SHAMSUL GHANI shams_ghani@hotmail.com
Oct 19 - 25, 2009

With the multi-billion dollar Gwadar project far from being fully operational due partly to our own incompetence and partly to the conflicting interests of major global players, the functioning of Port Qasim is a boon to our economy, particularly the seaborne trade and industrialization. The Port being the economic hub of the country acts as a powerful channel for transmitting country's diversified economic activities to meaningful end products. Operational since early seventies, Port Qasim is the first industrial and commercial port of Pakistan. Managed by Port Qasim Authority (PQA), it is built on the coastline of Arabian Sea. It is located approximately 50 km away from Karachi city and 15 km apart from National Highway.

The project is spread over 12,000 acres of land out of which 1,000 acres are used for port activities while 11,000 acres are occupied by an industrial zones that carry in its fold a number of industrial projects of great economic importance. The port is connected to the National Railway through a 14 km long railway link comprising six tracks laid down in the close proximity of the berths. The Port undertakes:

1. Handling of seaborne trade,
2. Warehousing, and
3. Land and infrastructure facilities for setting industrial projects and units.

PQA is managed by a board of directors headed by the PQA chairman. Vice Admiral (R) M. Asad Qureshi is the present chairman. The Authority is manned by 1855 personnel. The Port today handles more than 40 per cent of country's seaborne trade. The Port comprises various single-purpose terminals in addition to a multi-purpose terminal MPT.


TERMINAL 2004-05 2005-06 2006-07 2007-08 2008-09
1. Multi-purpose Terminal MPT 2270 2623 1435 2657 2104
2. Liquid Imports 1479 1635 1559 1714 1349
3. Liquid Exports 25 - - - -
4. Dry Exports 144 474 800 738 1549
5.Total Dry Cargo at MPT (2+3) 2414 3097 2315 3394 3672
6.Total Liquid Cargo at MPT (1+4) 1504 1635 1559 1714 1349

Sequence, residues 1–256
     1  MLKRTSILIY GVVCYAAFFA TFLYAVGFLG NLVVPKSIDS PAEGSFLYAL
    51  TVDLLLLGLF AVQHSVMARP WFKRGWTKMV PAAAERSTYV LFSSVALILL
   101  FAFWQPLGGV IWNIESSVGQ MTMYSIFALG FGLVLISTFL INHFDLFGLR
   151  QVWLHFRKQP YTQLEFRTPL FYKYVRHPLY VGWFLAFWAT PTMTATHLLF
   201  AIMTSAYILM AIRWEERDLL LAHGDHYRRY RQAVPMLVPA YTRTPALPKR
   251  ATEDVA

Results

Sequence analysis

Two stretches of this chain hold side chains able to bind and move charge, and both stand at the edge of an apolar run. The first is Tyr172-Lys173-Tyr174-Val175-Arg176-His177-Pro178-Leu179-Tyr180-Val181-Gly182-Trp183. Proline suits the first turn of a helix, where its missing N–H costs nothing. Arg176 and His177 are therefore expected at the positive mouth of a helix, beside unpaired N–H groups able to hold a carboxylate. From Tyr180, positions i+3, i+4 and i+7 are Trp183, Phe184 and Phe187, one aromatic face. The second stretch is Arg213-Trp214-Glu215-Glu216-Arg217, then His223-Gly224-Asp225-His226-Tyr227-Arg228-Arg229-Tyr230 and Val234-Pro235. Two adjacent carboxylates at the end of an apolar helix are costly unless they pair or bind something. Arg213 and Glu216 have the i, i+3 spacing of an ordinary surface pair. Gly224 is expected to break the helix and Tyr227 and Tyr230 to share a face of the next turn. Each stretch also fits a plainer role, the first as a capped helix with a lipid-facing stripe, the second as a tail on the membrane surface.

7. Total MPT Cargo (5+6) 3918 4732 3874 5108 5021
8. Number of Ships 245 254 254 288 322

Other terminals include FOTCO for the import (and export) of petroleum products, Engro terminal for the import of chemicals, IOCB for the import of raw material for Pak steel, Progas terminal for LPG imports, and Liquid Cargo terminal for edible oil imports.


. (000 tons)
Cargo Business 2004-05 2005-06 2006-07 2007-08 2008-09
1. Dry Cargo Imp 5611 5041 4669 5690 5429
2. Liquid Cargo Imp 6849 8637 10799 11221 11185
3. Total Import (1+2) 124 60 13678 15468 16911 16614
4.Weight of Containers 6977 7894 8881 9514 8419
5. Total (3+4) 19437 21572 24349 26425 25033
6. Total No of Ships 806 974 1051 1155 1238

The present chairman who took charge in May 2009 has set the following business goals:

1. Increased operational capability of PQA

2. Acquisition of powerful tugs and pilot boats

3. Capacity building

4. Deepening of Navigational Channel to allow berthing of deeper draught vessels

5. Upgrading of Port facilities

6. Provision of infrastructure facilities for all industrial zones

7. Improvement of Port efficiency to reduce the cost of doing business in line with the National Corridor objectives

The divergent trends in the global external markets and the totally overhauled world economic situation demands a rational and futuristic approach towards the management and functioning of projects like PQA.

As an aftermath of global financial meltdown, the sea tariff structure puts a big question mark on the viability of projects like Port Qasim. The wave of inflation that has hit the economy of our country during the last three years has immensely raised the cost of doing business cargo handling being no exception. Moreover, the dwindling global demand has resulted in the shrinkage of seaborne trade. The gravity model demands that distance should be the main plank of the external trade policy, which means that economies close to one another should cater to their mutual external trade needs. This gives rise to a situation of tariff-based competition. To survive in this situation, PQA will have to go for capacity building and improved infrastructure with a view to increasing the volume of business handled. Besides a competitive tariff structure, a safe maritime environment will have to be developed. This will require investment on an ongoing basis for which private sector will have to play an important role. This is heartening that the present chairman is well aware of the modern day challenges as he has recently said, "Ports today are compelled to adopt futuristic approach to cope with increasing demands for upgrading port facilities while maintaining competitive tariff".